Thanks to a recent video posted by Taki Udon, we now have some pretty solid information about the upcoming Funnyplaying FPGA Game Boy Color clone.
This is not the first we have heard of this upcoming FPGA console. In fact, we had covered the Funnyplaying Game Boy Clone back in January, so it’s been almost one year since the first mention of this upcoming handheld.
But after the very rocky release of the Retro Pixel Pocket, we have approached all things Funnyplaying with strong caution.
So even though we’ve seen a few posts related to the new FPGA project, we’ve waited for some solid reviews from users that we trust.
Thanks to the thorough walkthrough by Taki, we are getting a clear idea of what to expect from Funnyplaying in the near future.
Funnyplaying FPGA Game Boy Color
The device provided to Taki Udon for review purposes came unassembled, so he needed to build it himself before testing it.
What came with the kit were the display, outer shell, buttons, battery, and the FPGA board. Many of this parts are exactly what you would get if you purchase them to upgrade an existing Game Boy Color from Funnyplaying.
It is currently unknown if Funnyplaying will only sell DIY kits or will also offer pre-assembled consoles.
I don’t entirely hate the idea of them only selling the kit that you build yourself to help people have a better understanding of how an original Game Boy looked on the inside.
This also creates more of a sentimental connection to the handheld, since you made it with your own hands.
The assembly required no soldering; Just put the pieces together correctly and a few cables to plug in. Once complete, the Funnyplaying FPGA Game Boy Color looks nearly identical to an original GBC.
The main physical difference at first glance will be the display, which outputs the image at a much larger size than an original Game Boy Color or even a modified Game Boy Color that uses Funnyplaying’s own IPS display kits.
Compared to a modified GBC IPS display, the output is about 115% sized. And the new display is approximately 125% of an original GBC screen. That’s a pretty massive upgrade to the original Game Boy’s output.
Like an original Game Boy, this device has an actual game cartridge slot. And it is only ever intended to play original game cartridges.
You will never be able to play ROM files on this console like you can on an emulation device or the Analogue Pocket.
If we can use Take Udon’s video as an indication, it would seem that Funnyplaying’s new device still has some work to do to get the FPGA tuned properly.
Taki ran a few clock tests to check if the game play gets out of sync compared to real hardware. And the FPGA clone could not keep the same pace as an original Game Boy Color.
This does not mean that most users will notice a difference when playing their favorite games. But it is certainly not 100% accurate as you would hope that any FPGA would be.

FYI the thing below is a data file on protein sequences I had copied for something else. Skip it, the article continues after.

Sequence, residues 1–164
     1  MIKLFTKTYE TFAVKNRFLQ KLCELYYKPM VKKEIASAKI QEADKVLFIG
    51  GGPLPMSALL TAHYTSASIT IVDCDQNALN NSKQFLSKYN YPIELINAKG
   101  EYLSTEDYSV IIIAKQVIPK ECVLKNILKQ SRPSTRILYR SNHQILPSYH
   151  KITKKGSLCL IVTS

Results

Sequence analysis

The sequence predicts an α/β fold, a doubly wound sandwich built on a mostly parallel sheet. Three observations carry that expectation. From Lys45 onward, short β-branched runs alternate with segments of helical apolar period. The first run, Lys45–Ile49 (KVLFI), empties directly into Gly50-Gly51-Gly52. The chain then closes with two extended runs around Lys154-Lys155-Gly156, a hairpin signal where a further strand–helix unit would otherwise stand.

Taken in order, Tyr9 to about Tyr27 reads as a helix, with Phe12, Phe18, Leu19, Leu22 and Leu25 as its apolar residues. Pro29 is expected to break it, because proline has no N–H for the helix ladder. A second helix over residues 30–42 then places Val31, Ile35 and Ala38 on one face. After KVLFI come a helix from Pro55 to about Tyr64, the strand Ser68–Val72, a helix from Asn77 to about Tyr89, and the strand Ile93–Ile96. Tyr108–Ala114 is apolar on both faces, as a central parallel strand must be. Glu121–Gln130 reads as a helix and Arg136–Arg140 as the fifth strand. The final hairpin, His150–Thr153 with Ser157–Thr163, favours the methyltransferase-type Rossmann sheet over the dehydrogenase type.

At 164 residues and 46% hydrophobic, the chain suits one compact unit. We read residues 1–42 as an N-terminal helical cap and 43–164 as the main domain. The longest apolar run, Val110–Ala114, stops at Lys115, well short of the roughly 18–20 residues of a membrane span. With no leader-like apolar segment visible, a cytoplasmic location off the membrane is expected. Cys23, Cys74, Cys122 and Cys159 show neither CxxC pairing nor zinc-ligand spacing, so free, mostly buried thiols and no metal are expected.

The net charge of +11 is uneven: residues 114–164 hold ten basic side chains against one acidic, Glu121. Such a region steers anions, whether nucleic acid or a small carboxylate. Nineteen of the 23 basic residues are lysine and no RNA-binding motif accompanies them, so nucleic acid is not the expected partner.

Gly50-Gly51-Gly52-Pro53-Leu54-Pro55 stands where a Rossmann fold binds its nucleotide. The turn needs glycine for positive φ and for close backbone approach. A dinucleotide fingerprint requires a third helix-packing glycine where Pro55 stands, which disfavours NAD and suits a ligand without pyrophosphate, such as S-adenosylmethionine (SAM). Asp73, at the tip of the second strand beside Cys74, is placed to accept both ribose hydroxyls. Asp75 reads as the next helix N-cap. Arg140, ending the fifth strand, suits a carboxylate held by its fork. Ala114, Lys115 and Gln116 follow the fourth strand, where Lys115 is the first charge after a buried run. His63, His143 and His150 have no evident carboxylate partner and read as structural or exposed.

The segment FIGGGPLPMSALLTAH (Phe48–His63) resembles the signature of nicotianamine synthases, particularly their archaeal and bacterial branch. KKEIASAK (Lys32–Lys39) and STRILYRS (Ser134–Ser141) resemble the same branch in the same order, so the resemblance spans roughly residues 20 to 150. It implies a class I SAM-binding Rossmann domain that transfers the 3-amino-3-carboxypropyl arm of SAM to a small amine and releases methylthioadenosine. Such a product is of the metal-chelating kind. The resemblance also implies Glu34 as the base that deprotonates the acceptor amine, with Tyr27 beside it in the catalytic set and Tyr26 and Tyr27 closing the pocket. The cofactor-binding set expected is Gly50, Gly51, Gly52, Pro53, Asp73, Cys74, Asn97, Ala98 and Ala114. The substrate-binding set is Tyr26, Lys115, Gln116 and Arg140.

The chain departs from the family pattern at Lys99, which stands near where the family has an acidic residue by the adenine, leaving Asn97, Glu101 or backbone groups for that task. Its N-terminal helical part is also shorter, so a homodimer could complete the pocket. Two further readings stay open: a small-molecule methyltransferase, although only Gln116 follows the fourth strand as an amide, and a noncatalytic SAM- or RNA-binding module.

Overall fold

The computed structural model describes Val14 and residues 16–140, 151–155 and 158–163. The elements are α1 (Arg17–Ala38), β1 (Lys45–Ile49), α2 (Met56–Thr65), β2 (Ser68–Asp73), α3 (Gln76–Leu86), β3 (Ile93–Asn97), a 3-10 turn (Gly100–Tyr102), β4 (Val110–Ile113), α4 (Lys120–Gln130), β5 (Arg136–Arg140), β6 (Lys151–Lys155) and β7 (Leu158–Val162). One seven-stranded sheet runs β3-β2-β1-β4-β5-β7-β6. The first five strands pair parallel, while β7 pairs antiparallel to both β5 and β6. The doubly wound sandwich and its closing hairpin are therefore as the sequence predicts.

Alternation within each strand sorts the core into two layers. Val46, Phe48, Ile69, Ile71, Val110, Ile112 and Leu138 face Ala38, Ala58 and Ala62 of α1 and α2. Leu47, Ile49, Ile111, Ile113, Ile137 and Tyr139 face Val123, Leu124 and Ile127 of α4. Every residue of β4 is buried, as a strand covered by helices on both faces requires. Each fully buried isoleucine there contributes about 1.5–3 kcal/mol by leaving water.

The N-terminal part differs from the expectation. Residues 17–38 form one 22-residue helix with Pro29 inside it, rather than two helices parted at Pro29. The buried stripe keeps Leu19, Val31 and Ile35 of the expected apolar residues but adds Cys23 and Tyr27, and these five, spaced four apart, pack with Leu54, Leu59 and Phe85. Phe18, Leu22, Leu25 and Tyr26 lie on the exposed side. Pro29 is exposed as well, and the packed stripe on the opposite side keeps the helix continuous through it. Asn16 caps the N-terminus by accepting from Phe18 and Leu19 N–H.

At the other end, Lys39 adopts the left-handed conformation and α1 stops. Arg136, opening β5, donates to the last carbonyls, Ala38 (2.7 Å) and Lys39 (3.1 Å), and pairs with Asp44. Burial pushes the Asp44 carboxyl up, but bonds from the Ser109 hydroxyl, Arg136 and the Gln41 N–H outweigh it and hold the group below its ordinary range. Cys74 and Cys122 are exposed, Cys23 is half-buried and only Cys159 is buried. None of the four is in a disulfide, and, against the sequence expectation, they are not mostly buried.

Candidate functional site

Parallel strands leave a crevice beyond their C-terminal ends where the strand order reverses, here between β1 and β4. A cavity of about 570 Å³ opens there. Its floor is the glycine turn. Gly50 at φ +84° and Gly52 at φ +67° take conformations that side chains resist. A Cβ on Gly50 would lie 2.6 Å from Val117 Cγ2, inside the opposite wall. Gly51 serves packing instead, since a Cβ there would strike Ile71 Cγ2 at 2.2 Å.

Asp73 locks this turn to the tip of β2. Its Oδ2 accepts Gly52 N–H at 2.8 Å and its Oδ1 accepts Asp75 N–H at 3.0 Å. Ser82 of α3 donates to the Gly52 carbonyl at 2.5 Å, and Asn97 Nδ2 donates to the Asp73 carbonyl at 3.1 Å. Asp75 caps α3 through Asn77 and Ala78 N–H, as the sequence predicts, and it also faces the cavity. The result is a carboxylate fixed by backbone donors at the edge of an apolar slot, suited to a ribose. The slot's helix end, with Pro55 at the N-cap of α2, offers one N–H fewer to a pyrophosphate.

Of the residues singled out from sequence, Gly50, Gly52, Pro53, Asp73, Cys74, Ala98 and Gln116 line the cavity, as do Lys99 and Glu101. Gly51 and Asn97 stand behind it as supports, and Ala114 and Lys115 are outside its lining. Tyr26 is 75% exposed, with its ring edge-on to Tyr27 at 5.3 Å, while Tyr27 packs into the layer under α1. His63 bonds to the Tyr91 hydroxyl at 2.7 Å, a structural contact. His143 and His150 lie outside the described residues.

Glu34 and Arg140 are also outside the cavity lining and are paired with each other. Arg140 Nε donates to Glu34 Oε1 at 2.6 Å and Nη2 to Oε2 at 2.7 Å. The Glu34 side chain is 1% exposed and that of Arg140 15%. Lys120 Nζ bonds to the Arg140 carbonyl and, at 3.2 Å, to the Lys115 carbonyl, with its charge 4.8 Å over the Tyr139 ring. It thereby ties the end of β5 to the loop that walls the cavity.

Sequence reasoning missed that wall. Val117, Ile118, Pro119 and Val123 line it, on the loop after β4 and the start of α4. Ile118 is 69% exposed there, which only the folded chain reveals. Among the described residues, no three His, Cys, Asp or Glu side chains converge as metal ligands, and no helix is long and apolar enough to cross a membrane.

There also seems to be quite a lot of game compatibility issues. There are many games that just will not load on your first attempt.
Swapping between the Game Boy and Game Boy Color core will sometimes help resolve this issue. But we really shouldn’t have to go in and change our settings for each and every game we want to play.
Even using the Game Boy link cable seems to cause graphical errors in some cases.
So using Taki’s experience as our measure, we think that the Funnyplaying FPGA Game Boy Color clone is pretty far from achieving the same accurate results as something like the Analogue Pocket.
This is a great example of just how difficult it is to create a perfect handheld console.
We have so many incredible options on the market now, so we act entitled to perfection. And I am absolutely guilty of this entitlement behavior.
If we look at what happened with the release of Funnyplaying’s Retro Pixel Pocket, we can see what happens when an inexperienced company attempts to deliver a new handheld.
An emulator inside a Game Boy Pocket sounded like my perfect handheld emulator. And Funnyplaying totally missed the mark with that device. I have heard that they are hoping to do a V2 that will correct some of those mistakes, but I think it’s a lost cause.
They have been spending most of their time on this new FPGA Game Boy Color clone. So we can only hope that they continue to improve the software experience and nail it this time around.
Taki Udon mentions that Funnyplaying has told him their FPGA Game Boy will retail for around $69USD for the entire kit.
I find that hard to believe considering that if we purchase their IPS screen kit, an outer shell, buttons, and rechargeable battery, it would cost over $80usd (before shipping). And that does not include a custom built FPGA board.
Only time will tell, but again – we are approaching this new device from Funnyplaying with caution.
If Funnyplaying can offer an FPGA Game Boy Color clone for under $100, this would absolutely be an incredible option for those interested in original hardware or what the Analogue Pocket is doing, but at a more affordable price.
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Anthony has been a video game lover ever since he can remember. He became a fulltime nomad in 2018, living throughout most of Asia. He focused his passion in retro gaming and began creating a game for the Game Boy Color while living in Nara, Japan during the 2020 pandemic. He is now in Chiang Mai, Thailand, where he spends most of his time gaming, going on long walks and meeting as many stray dogs as possible.